[a.k.a. #9 & #10 of However Many I Care to List, in No Particular Order: Albums That I Have Listened To Both Intermittently And Incessantly, That I Imagine I Will Continue To Listen To Periodically For The Remainder Of My Life, Which I Consider To Be The Seminal Works Of (Or Most Accessible Entry Points To) Musical Artists Whom I Believe Have Been Woefully Underrated And Criminally Underrepresented In The Modern Music Canon At Large, And Which Also At Some Point While Playing I Have Very Likely Been Asked To Turn Down or Turn Off]
What do you do when you throw down the gauntlet of Swedish grunge and no one picks it up? If you are Nino Ramsby (FKA Nina Ramsby), you team up with two electronic-savvy producers and record a kick-ass drum and bass record.
Salt’s first and only proper album Auscultate appeared in 1996, and its first single, “Bluster,” made the rounds on MTV’s 120 minutes. They toured the US that year with fellow effects peddlers Local H, and I, then living in NYC, managed to catch them both at a small East Village club called Brownies.
By my count (gradually edging closer to complete historical precision, thanks to Songkick, setlist.fm, Concert Archives, and other everyday wonders of the internet in general), I’ve seen close to a thousand concerts of all sizes in my lifetime thus far, so it’s perfectly understandable if I don’t necessarily remember all of them (or even remember going to some of them). Salt’s set, however, remains fresh in my mind to this day. Rarely have I seen a band have so much fun and give so few fucks on stage, yet still sound so goddamned good. The all-too-brief recorded legacy Salt has left behind (including an album-length collection of worthy outtakes and B-sides entitled Delay Me Down and Make Me Wah Wah!!!) readily attests to their skills: these Swedes could rawk.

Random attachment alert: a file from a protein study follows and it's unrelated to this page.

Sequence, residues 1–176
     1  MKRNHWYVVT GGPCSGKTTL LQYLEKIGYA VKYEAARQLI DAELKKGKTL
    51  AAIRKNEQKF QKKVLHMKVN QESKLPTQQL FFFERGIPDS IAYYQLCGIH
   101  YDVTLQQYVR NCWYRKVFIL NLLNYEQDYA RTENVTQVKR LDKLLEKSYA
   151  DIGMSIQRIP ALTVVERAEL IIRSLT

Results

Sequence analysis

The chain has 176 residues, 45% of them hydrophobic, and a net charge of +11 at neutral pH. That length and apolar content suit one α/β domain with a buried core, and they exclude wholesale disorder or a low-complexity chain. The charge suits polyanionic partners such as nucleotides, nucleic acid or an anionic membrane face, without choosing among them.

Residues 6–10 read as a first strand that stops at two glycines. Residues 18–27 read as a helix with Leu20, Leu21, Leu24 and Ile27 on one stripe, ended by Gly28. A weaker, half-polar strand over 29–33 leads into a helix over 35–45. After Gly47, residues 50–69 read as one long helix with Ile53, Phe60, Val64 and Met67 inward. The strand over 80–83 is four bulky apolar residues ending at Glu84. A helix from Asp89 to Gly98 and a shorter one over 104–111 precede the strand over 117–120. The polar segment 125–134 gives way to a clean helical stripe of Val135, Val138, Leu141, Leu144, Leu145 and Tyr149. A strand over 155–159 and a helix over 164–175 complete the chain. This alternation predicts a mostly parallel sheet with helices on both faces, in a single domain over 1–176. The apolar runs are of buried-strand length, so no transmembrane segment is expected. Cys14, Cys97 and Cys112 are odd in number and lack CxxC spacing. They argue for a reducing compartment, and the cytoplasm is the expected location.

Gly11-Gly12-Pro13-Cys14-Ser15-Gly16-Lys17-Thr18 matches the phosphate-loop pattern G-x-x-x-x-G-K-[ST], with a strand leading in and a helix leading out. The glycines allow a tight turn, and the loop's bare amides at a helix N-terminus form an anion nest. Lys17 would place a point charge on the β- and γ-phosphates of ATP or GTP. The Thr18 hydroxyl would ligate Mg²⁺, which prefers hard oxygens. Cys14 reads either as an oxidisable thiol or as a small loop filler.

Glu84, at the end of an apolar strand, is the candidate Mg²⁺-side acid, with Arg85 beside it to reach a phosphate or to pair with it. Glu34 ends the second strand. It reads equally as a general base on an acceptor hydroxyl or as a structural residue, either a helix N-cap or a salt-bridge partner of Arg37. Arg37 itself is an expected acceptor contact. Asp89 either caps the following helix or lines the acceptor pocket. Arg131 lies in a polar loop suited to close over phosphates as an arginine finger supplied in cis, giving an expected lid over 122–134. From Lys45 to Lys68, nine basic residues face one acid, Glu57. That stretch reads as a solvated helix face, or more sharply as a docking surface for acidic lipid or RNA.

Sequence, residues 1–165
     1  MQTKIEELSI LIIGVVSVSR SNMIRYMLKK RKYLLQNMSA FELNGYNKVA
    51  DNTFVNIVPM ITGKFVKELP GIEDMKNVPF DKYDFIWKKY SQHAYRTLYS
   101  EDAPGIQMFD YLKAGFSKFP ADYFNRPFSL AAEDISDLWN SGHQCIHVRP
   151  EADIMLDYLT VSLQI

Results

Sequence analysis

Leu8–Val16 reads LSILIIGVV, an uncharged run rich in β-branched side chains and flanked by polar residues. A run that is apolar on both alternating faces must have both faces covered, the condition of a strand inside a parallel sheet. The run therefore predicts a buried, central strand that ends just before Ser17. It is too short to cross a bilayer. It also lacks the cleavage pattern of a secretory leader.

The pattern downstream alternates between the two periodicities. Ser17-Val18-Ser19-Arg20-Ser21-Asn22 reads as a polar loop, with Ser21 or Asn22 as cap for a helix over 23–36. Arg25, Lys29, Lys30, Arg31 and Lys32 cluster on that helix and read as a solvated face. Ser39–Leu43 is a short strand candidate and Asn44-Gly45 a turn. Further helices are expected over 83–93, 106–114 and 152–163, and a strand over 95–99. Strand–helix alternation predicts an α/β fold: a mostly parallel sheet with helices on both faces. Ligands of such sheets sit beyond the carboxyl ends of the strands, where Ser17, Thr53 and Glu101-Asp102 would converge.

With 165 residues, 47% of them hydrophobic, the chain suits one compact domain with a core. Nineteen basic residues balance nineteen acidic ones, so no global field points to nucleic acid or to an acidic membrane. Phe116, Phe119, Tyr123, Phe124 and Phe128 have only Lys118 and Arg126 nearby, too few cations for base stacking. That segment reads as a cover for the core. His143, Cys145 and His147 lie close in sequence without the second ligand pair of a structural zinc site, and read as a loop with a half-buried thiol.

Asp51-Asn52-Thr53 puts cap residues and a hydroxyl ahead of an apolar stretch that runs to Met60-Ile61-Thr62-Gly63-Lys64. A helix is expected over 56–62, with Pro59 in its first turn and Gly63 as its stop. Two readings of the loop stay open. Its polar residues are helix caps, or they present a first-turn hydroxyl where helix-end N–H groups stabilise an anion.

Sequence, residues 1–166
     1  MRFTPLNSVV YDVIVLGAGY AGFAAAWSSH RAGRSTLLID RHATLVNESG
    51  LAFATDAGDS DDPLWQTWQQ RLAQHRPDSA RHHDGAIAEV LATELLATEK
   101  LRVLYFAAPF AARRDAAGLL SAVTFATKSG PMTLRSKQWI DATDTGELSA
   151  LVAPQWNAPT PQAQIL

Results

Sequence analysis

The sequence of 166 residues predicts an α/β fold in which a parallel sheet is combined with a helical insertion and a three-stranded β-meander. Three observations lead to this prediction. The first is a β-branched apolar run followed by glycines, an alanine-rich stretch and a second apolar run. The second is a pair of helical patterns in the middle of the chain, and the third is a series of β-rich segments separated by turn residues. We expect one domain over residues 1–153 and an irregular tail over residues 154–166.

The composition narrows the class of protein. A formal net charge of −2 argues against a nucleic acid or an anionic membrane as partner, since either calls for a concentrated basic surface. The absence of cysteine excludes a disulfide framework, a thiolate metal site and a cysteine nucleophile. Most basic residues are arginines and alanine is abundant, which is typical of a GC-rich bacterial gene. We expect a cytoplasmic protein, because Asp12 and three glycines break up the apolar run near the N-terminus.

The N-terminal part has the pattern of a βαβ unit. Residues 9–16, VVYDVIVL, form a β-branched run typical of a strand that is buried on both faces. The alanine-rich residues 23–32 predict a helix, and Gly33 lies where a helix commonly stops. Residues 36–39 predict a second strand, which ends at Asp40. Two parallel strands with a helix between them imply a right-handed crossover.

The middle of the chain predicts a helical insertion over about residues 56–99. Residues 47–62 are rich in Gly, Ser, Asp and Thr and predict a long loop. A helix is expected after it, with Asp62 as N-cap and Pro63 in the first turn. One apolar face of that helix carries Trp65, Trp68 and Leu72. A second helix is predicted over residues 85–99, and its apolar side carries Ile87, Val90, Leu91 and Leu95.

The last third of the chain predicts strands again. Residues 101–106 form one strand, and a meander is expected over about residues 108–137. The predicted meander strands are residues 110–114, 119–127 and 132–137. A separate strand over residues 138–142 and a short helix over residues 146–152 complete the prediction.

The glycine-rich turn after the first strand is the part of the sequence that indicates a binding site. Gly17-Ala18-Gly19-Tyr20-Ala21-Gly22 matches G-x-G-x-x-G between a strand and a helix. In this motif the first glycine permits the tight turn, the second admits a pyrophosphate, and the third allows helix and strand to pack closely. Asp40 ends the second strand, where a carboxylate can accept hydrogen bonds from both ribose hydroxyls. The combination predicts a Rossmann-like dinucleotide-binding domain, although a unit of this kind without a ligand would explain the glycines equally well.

You would be forgiven, upon first picking up Baxter’s self-titled debut, for thinking it couldn’t possibly have any connection to the sweetly screamed, overdriven fuzz-fest that was Salt. But Ramsby’s hypnotic lyrical delivery (though more even-tempered in this production) eventually gives it away. Always asking oblique questions about emotion and identity, creating subtle, memorable, chantable melodies, albeit this time amidst a sonic backdrop of skittering, clattering, polyrhythmic percussion and sinusoidal synth washes.
It’s hard for me to say which approach I enjoy more, as I’ve listened to both records more times than I can count, but Baxter will forever be tied in my mind to my first six months in Los Angeles (in particular, to all the time I spent in my craptastic Jeep Cherokee, learning to negotiate LA’s sprawling streetscape and its ever-so-special strain of traffic), when I lived briefly in Westwood with the Koosh of Kush, Dariush Derakhshani.
Baxter would go on to release two further albums (the 2nd, About This, available on Amazon Music in a double “disc” special edition including numerous remixes of tracks from the first two albums), then Ramsby’s restless musical spirit would again take flight, next landing on record in an indie rock incarnation known as Grand Tone Music. More recently, Nino has worked with Martin Hederos, recording three albums worth of jazz standards translated into Swedish. Genre, after all, is only a construct. Rawk on, Ramsby, rawk on…